Perceptions of future and current teachers on the organization of elementary schools: A dissonance approach to the investigation of job satisfaction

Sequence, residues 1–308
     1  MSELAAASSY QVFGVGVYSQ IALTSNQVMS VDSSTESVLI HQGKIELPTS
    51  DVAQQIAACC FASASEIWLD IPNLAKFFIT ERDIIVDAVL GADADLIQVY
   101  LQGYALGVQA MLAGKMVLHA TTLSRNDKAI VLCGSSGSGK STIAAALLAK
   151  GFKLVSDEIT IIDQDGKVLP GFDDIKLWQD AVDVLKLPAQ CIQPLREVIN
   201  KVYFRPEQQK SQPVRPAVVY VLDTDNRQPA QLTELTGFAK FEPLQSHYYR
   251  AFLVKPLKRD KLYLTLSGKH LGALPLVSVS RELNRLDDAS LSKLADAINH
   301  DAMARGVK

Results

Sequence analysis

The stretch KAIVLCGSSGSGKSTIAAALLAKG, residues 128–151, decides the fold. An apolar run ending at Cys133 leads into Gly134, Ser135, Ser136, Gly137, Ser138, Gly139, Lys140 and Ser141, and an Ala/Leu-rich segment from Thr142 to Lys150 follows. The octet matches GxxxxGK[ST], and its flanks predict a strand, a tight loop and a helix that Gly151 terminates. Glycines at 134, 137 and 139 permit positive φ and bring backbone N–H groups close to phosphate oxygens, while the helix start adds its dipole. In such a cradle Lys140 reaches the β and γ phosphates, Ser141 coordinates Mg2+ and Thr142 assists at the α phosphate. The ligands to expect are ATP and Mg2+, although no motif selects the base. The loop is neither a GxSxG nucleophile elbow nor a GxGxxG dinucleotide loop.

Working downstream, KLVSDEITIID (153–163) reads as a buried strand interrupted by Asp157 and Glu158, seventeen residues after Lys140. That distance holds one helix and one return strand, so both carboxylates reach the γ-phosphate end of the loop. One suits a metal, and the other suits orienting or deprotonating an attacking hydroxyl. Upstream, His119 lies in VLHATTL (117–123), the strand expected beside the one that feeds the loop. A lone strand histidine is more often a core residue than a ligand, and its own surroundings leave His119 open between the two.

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The study compares the satisfaction ratings of future and current elementary school teachers with respect to the main aspects of school organization and administration. Data were collected from 66 in-service teachers and 79 preservice teachers in Cyprus. The application of factor analysis on the data resulted in the identification of the following main dimensions of school organization: headmaster's role, school organization, school climate, teacher incentives/work conditions, inspector's role and teachers' role. The comparison of the satisfaction ratings of future and current teachers on the above factors produced the following findings: first, the ratings of the two groups differed significantly for the first four factors. Secondly, future teachers reported lower satisfaction ratings than their in-service counterparts in the headmaster's role, school organization and school climate factors and higher ratings on the teacher incentives/work conditions factor. These discrepancies are considered to constitute causes of concern for educational policy-makers. The high expectations of future teachers on the teacher incentives/work conditions factor are viewed as a probable subsequent cause of cognitive dissonance and job dissatisfaction. On the other hand, the low expectations of future teachers with respect to three factors (headmaster's role, school organization, school climate) are likely to reduce their initial enthusiasm for their job. The implications of the findings for teacher training programmes are discussed, and suggestions are made on ways of reducing discrepancies between the expectations of future teachers and the realities of the workplace.